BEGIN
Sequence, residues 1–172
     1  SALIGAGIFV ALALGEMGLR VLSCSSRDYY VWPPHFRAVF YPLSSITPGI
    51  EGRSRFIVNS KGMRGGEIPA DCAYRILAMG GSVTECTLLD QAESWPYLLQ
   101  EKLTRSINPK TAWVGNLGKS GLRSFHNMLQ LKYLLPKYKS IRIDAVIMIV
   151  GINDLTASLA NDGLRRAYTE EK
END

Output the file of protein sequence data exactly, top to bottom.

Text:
Sequence, residues 1–172
     1  SALIGAGIFV ALALGEMGLR VLSCSSRDYY VWPPHFRAVF YPLSSITPGI
    51  EGRSRFIVNS KGMRGGEIPA DCAYRILAMG GSVTECTLLD QAESWPYLLQ
   101  EKLTRSINPK TAWVGNLGKS GLRSFHNMLQ LKYLLPKYKS IRIDAVIMIV
   151  GINDLTASLA NDGLRRAYTE EK